35,000… the number of decisions that the average person makes per day. Evaluating each of those decisions would drive all of us to drink. To preserve our mental sanity, we rely on outside forces, or triggers, that influence our decision-making and help speed up our information processing. Why should we care about these primarily subconscious triggers? Simple. A successful marketer will use these influential triggers in their favor to elicit a positive response from their target audience.

In support of this idea, researchers have examined consumer behavior and the decision-making process. Robert Cialdini, one of the most renowned researchers in this field, founded six triggers that influence our decision-making. He called them the “Weapons of Influence”.

And with all this being said, we would like to introduce…L7 Creative’s toolbox of marketing mayhem! In this toolbox, we will post a series of blog posts that will unveil all six essential psychological levers to improve your marketing and advertising initiatives. This is Part Three of our Weapons of Influence series, covering the weapon “Scarcity” (read Part One here and Part Two here).

Weapon Three: Scarcity

“FOMO”

Quick! Read this blog post before we delete it forever!

We’ve all fallen victim to one of these age-old scarcity tactics: “Hurry, Sale Ends Today”, “Members Exclusive” or “Only One Left in Stock”. What is it about the element of scarcity that makes a product so alluring?

Nintendo is doing a superb job capitalizing on the power of scarcity with their latest console, the Nintendo Switch. In Japan, the Switch is so popular that they are having lotteries in which consumers only have a 1 in 10 chance of purchasing the product. With limited supply, resellers are marking the price of the Switch up by 20% or more. Some have accused Nintendo of “intentional scarcity”, while Nintendo claims they simply underestimated demand. Whether or not scarcity was intentional or not, we know one thing for sure – it’s working. Nintendo reported a 175% increase in sales in the past six months (compared to the same period last year).

Limited-Numbers and Limited-Time

Scarcity can inflate desire (at times, artificially) for a person, place or thing. It is typically deployed using one or both of the following elements: limited-numbers and/or limited-time. These elements give the impression that because “said thing” is in short supply and only available for a short time, then it must be pretty damn cool. Obviously.

We are proud when we own something in limited-numbers because we feel it is unique, rare, and desirable. This is why “antiques” and “vintage” items can be priced at premiums. Scarcity is also effective because people are inherently “loss averse”. That is, people are more motivated to avoid any potential loss, than the potential to gain something of value. A limited-time to purchase a product expedites that feeling of impending loss, urging a consumer to make a purchase quickly just to avoid that dreaded FOMO. What was the return policy again?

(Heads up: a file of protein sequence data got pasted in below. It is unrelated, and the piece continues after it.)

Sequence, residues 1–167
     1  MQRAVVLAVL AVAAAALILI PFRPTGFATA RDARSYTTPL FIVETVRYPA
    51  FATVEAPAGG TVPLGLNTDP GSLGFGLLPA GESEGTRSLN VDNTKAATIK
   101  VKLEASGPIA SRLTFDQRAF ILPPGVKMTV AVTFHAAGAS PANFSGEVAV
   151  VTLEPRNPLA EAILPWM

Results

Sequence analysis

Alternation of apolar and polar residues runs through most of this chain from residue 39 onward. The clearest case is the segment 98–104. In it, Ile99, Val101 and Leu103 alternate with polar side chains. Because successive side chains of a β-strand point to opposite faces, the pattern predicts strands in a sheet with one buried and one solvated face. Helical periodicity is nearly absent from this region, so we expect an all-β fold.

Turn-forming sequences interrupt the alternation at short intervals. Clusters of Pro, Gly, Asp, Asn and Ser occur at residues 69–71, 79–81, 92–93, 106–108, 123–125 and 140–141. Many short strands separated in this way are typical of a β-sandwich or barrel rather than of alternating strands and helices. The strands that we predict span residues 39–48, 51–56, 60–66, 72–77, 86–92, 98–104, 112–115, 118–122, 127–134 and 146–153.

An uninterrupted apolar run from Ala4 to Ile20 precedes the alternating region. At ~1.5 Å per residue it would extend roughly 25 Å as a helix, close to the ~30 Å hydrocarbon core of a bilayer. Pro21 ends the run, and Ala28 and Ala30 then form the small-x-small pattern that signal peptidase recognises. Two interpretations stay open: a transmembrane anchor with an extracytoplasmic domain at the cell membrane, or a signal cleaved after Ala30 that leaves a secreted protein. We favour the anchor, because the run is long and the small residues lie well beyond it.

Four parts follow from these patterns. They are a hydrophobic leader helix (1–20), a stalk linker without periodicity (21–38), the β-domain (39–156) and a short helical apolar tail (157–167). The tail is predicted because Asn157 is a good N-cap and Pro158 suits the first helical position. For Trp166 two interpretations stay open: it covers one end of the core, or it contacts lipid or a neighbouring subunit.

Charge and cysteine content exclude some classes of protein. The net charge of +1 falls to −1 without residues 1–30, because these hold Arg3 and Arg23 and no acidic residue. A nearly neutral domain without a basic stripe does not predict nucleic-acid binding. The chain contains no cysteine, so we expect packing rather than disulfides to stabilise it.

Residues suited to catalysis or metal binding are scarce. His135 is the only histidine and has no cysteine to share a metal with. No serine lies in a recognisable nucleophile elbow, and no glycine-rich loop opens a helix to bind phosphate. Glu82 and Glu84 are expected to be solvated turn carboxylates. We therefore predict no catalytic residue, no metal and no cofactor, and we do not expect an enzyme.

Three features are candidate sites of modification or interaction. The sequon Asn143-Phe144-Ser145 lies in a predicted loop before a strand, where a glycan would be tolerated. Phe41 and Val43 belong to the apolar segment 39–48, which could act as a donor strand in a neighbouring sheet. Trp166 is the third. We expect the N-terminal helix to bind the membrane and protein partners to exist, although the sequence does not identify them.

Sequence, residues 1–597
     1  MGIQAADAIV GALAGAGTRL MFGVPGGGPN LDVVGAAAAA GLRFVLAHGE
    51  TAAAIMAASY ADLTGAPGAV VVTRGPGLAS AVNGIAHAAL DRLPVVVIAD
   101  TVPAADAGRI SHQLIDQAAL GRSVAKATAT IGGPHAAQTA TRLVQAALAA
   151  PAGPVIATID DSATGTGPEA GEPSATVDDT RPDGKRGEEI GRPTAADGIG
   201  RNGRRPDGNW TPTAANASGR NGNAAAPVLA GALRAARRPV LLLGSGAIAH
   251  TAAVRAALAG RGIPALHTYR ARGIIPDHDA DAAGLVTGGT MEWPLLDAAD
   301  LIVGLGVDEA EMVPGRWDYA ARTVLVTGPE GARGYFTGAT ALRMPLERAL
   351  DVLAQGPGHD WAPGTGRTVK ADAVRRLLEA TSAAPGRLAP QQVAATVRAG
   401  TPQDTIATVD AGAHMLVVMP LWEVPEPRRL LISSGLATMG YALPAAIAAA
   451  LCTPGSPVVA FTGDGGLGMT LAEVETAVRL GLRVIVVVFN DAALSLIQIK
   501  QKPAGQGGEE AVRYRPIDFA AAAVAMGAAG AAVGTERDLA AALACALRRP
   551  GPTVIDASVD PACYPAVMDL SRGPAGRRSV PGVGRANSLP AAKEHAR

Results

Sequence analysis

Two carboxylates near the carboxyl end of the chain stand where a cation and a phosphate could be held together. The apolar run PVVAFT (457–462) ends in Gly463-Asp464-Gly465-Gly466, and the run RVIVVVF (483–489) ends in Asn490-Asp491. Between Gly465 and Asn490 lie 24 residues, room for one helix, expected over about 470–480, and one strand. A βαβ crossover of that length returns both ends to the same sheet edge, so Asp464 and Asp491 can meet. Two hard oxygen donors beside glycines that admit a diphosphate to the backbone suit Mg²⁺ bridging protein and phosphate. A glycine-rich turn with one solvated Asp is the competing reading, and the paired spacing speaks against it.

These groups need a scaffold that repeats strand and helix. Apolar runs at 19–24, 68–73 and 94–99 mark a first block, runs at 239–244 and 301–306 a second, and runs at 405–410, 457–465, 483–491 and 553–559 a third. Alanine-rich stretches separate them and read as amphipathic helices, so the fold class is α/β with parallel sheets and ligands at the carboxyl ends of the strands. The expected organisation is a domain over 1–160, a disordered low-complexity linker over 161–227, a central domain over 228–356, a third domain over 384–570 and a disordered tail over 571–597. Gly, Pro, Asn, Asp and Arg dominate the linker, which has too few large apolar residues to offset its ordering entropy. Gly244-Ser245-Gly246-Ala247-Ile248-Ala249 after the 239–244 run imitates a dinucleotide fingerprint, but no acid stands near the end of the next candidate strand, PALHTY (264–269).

Implications for Marketers

Marketers can utilize the weapon of influence, scarcity, to enhance their marketing efforts and generate more demand for their products or services.

Exclusive Deals

Offer “member-only” deals to give your product or service a heightened perception of value. Just think about Pinterest, now with 175 million monthly active users, who started as an “invite-only” platform. Pinterest’s exclusivity created a buzz around their platform as eager consumers lined up to taste the forbidden fruit. This being said, consumers often find products or services more attractive when their availability is exclusive.

Publicize Your Supply

When your inventory is low, let it be known! Alternatively, offer “limited editions” of specific products and highlight that aspect in your marketing efforts. Customers will feel more inclined to purchase your products or book an appointment quickly if they feel they might miss the opportunity (especially if it’s to another customer).

Sale Deadlines

Another tactic is to limit the amount of time consumers have to purchase your product or book your service. This deadline gives consumers a sense of urgency and also plays on their desire to avoid losing out on a great deal. This will give your customers an extra nudge to act fast.

Without realizing it, you may have already been implementing elements of scarcity in your marketing efforts. However, understanding the psychological underlying of this powerful weapon, will allow you to use it more strategically.

Stay tuned for our next post in this series where we will cover the marketing insights and implications of the weapon, “Social Proof”.

 

By: Christina Gineris